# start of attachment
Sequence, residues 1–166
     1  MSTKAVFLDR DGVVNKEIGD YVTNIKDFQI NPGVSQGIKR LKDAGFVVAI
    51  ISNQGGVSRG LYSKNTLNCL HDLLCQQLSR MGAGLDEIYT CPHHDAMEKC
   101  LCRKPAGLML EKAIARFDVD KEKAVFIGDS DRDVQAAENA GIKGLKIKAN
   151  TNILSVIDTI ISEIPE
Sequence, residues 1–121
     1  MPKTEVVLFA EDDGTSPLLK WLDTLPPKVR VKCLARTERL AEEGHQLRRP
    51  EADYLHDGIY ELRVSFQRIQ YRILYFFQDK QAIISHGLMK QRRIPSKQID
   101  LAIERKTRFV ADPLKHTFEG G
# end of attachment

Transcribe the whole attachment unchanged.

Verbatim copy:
Sequence, residues 1–166
     1  MSTKAVFLDR DGVVNKEIGD YVTNIKDFQI NPGVSQGIKR LKDAGFVVAI
    51  ISNQGGVSRG LYSKNTLNCL HDLLCQQLSR MGAGLDEIYT CPHHDAMEKC
   101  LCRKPAGLML EKAIARFDVD KEKAVFIGDS DRDVQAAENA GIKGLKIKAN
   151  TNILSVIDTI ISEIPE
Sequence, residues 1–121
     1  MPKTEVVLFA EDDGTSPLLK WLDTLPPKVR VKCLARTERL AEEGHQLRRP
    51  EADYLHDGIY ELRVSFQRIQ YRILYFFQDK QAIISHGLMK QRRIPSKQID
   101  LAIERKTRFV ADPLKHTFEG G